Tuesday, December 1, 2009

Rural roads--safer than we thought?

According to conventional wisdom, rural roads are more dangerous than urban and suburban thoroughfares. The very term might bring to mind two undivided lanes of blacktop, miles removed from emergency services and dotted with white crosses and impromptu memorials.

Over at NPR, an interesting piece examines how different definitions of "rural" may have contributed to a misunderstanding of how dangerous rural roads actually are. Specifically, under the broad catch-all definition of rural utilized by the Census Bureau (that has also been adopted by the National Highway Transportation Administration for determining accident rates), over 60% of fatal accidents occur in rural areas.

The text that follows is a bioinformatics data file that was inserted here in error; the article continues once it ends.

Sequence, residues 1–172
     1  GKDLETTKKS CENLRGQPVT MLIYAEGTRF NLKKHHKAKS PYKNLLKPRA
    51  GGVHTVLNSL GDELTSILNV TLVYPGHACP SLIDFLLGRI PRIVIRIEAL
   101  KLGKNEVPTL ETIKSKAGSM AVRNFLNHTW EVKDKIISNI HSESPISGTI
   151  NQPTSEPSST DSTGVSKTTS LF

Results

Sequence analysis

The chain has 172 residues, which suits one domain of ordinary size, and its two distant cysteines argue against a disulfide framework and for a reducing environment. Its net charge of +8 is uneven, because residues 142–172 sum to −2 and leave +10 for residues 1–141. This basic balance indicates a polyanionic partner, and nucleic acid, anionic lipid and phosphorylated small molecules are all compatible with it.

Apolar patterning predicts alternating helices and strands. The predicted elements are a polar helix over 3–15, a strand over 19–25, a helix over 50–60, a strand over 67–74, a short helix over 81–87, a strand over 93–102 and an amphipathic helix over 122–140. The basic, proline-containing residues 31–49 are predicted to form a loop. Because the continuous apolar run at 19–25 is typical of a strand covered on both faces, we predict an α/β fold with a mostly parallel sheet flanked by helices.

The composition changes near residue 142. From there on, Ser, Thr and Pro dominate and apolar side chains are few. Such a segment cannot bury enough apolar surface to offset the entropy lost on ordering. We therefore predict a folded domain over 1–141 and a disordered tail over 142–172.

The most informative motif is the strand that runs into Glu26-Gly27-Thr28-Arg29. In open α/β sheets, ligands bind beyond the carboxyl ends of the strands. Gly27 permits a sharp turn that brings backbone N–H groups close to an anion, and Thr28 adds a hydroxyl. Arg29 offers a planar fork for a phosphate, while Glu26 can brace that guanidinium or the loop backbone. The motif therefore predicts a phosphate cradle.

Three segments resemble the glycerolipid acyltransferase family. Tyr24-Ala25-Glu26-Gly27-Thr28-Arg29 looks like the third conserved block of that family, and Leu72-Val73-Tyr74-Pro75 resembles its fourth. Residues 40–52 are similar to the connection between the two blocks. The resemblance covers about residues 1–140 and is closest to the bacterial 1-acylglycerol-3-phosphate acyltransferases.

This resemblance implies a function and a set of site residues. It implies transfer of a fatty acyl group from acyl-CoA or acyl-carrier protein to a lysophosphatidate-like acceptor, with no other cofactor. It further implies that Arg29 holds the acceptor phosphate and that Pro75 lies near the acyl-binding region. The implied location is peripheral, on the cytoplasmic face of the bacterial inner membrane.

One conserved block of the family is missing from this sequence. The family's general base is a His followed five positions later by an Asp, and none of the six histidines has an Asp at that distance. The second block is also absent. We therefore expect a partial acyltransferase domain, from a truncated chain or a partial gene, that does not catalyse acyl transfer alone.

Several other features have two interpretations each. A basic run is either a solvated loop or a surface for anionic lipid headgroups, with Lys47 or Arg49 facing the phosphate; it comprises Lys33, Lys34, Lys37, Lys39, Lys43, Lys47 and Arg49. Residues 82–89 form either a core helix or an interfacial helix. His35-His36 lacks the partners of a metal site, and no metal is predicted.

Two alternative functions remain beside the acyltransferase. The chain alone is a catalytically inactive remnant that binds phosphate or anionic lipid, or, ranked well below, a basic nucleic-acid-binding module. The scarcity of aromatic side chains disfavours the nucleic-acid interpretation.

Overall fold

But as the NPR piece notes, "
the portion of fatalities on rural roads drops to just 27%, according to Cromartie's [a USDA analyst] analysis, if only small towns (of less than 2,500) and the low-density countryside are included in the calculation. Throw together the cities, suburbs and exurbs (outer suburbs) and the urban share of fatalities rises to 70%."

According to the NPR piece, this rethinking of the urban/rural distinction with respect to highway safety seems to be taking hold. A new NHTA study revealed that, "a whopping 86% of traffic deaths occur in cities and in the first 10 miles of rural highway adjacent to cities. Just five miles outside of town the number is 73%."

The NPR piece reminded me of another set of stories the Sacramento Bee recently put out in the wake of a terrible accident just north of Folsom.

Drive safely everyone.

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